Shining light on N.C. legislature's public records 'black hole'

Published March 27, 2024

By Capitol Broadcasting Company

North Carolina’s legislators recently received some much-deserved recognition.

But anyone who might want to check and see just how legislative leaders may have reacted in communications with fellow legislators to this notoriety is out of luck.

That’s just the point of the Society of Professional Journalists’ annual Black Hole Award -- bestowed annually to government agencies for “acts of outright contempt of the public’s right to know.”

Major public records law changes limiting citizens’ access to official legislative information were adopted in less than 24 hours without any advance notice and tucked deep inside the 625-page budget bill.

Now legislators on their own can decide if a record is public and determine on a whim, whether to destroy it, sell it, loan it without any involvement of the state Department of Natural and Cultural Resources – the official custodian of all North Carolina state government records.

Records – such as most correspondence, meeting calendars, official travel details, and the like of statewide elected officials, cabinet secretaries, county commissioners, mayors and municipal council members are public and must be available. But now legislators, like Senate leader Phil Berger and House Speaker Tim Moore, can decide on their own, if they’re public and pick who they might share them with.

Most significantly, it allows background information on legislation – such as that used to draw new congressional and legislative election districts – to be kept secret. On one of the most basic obligations to be open and transparent – just how it is determined which candidates’ voters get to pick – is now secret.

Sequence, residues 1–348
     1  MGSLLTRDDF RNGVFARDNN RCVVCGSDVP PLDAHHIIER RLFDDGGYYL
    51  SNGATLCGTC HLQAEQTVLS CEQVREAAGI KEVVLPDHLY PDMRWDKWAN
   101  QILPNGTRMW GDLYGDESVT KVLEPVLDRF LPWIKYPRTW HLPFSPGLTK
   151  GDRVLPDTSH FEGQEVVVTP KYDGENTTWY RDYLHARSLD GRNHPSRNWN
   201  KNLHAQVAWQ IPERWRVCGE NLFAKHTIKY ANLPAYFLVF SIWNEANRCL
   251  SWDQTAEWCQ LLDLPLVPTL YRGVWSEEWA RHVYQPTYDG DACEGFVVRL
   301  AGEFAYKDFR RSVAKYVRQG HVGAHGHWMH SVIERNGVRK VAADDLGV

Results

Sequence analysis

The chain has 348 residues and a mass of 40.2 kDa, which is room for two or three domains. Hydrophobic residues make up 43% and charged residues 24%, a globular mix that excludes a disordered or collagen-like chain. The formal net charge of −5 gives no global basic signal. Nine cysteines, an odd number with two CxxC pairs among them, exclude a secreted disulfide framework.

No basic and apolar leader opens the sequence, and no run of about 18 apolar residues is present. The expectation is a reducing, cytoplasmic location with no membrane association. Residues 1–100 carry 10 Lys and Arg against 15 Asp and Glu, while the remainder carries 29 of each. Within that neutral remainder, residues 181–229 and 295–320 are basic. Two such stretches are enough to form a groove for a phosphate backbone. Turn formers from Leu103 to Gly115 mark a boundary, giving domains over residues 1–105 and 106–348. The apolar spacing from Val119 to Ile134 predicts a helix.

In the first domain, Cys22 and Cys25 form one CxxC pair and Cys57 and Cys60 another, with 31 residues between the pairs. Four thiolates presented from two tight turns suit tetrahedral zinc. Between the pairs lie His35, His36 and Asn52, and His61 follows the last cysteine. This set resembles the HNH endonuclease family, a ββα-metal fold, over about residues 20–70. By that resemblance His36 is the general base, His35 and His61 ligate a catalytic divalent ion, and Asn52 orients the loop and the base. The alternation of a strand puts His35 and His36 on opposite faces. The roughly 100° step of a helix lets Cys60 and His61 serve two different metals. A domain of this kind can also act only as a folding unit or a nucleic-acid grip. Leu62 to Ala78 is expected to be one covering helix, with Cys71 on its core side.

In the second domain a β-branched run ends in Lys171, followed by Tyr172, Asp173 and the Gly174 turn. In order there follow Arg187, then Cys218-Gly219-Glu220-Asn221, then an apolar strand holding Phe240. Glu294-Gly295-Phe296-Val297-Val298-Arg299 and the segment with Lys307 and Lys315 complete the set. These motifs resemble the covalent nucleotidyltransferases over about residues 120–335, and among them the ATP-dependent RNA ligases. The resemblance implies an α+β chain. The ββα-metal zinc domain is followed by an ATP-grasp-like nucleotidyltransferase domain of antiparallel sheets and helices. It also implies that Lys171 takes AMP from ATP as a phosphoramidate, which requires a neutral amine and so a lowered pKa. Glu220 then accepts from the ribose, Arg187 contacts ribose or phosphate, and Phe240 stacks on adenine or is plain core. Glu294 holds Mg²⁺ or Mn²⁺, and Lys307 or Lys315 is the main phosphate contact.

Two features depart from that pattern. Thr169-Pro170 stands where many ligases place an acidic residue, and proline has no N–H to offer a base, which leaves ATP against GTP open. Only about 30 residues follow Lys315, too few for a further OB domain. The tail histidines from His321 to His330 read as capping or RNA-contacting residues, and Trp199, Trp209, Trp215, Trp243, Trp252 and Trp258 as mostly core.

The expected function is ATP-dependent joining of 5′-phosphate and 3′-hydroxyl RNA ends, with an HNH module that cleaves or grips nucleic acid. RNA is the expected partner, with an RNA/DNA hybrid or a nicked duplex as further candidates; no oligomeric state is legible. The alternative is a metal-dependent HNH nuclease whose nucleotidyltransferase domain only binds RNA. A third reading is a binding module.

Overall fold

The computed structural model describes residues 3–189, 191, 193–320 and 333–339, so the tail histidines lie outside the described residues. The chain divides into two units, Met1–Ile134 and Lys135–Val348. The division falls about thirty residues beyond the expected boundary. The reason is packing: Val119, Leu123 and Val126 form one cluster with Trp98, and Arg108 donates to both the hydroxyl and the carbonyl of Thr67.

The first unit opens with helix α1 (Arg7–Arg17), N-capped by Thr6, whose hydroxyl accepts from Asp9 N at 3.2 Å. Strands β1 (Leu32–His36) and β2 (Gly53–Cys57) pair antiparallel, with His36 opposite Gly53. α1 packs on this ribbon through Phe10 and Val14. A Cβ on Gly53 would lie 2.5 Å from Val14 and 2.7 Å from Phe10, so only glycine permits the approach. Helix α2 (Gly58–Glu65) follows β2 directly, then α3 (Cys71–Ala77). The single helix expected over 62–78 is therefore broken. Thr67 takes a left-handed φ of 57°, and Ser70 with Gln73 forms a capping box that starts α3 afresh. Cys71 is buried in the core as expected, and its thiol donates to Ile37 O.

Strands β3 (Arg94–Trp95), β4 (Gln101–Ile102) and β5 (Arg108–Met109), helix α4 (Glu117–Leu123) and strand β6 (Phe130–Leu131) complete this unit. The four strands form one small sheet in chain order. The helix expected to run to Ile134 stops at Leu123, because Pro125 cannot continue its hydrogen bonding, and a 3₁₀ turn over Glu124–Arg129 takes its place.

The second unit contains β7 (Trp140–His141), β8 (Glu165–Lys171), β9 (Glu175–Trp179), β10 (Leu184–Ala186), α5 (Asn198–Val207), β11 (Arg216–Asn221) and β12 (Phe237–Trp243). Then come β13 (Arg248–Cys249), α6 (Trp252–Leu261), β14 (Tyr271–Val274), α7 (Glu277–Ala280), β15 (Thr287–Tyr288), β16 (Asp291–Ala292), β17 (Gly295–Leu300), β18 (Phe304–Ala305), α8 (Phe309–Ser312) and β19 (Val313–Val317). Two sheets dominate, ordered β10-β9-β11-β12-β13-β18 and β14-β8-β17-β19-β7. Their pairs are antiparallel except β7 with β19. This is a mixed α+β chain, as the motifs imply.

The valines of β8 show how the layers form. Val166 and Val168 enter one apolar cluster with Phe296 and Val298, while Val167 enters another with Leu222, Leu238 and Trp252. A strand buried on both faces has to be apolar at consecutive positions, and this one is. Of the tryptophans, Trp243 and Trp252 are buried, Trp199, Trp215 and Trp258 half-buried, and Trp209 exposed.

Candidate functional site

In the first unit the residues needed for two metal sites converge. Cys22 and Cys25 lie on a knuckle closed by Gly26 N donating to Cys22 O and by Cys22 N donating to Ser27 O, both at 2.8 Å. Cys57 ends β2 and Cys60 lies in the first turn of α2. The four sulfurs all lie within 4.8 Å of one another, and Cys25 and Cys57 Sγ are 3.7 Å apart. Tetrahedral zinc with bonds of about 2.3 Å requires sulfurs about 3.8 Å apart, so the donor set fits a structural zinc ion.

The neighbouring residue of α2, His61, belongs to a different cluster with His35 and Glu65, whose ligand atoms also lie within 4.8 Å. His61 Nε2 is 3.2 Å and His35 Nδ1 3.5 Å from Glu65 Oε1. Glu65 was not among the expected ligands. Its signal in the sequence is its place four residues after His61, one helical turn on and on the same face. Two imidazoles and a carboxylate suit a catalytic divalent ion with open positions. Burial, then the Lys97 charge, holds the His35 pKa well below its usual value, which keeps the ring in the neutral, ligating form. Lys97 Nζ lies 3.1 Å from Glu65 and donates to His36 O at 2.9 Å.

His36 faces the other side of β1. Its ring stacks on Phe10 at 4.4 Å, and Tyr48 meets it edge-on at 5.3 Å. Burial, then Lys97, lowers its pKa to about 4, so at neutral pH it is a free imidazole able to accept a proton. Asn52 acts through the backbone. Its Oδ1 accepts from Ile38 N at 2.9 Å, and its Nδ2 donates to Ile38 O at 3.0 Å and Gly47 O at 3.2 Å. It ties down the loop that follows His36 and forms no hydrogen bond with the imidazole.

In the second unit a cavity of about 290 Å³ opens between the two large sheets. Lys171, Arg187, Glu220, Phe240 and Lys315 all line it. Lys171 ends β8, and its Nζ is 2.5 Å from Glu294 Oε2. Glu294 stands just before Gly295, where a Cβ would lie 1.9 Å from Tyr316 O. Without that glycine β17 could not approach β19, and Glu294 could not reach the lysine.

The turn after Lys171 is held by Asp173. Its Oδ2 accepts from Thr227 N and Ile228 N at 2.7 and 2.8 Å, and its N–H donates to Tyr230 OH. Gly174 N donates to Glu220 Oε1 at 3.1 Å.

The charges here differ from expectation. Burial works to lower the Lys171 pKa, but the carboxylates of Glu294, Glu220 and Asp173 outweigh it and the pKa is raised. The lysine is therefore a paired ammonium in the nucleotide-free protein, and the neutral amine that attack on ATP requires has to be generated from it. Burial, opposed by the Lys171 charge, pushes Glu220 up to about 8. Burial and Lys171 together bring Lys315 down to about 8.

These provisions make it open season for the legislature to do the public’s business secretly, shielded from citizens’ view and without accountability to those state representatives and senators were elected to serve.

At the same time, the changes gave legislative staffers broad powers to access – seize is a more appropriate description -- information from private citizens and companies. It is the power to, without a court-ordered warrant – enter a private home or business and take whatever they want.

“Citizens are the bosses and it is not becoming of their elected employees to dictate to them without consultation what information they have a right to when it comes to their money and vote,” said Sterling Cooper, co-chair of the society’s Freedom of Information Committee.

“Lawmakers give new meaning to North Carolina’s First in Flight slogan,” said Jodi Rave Spotted Bear, chair of the society’s Freedom of Information Committee. “They changed public records laws to avoid having to comply with them.  State leaders now soar in the spirit of the Black Hole Award, an egregious recognition earned by trampling on the public right to information.”

Speaker Moore defended the provision as “fair” and allows legislators to determine when a citizen’s request for information is unreasonably broad or cumbersome.

The point that Moore overlooks, is that it is citizens who have paid for and own the information that they are seeking – it doesn’t belong to legislators.

It would be most appropriate for the legislative leaders, when they convene for their short session in a few weeks, to acknowledge the public records changes were not fully contemplated, misguided and needed to be repealed.

Further, rather than seeking ways to limit access to information about the legislature specifically or state government more broadly, legislators should look for opportunities to broaden access to public records and seek more ways to involve citizens.

They need to shine some light into the “Black Hole” they’ve dug.

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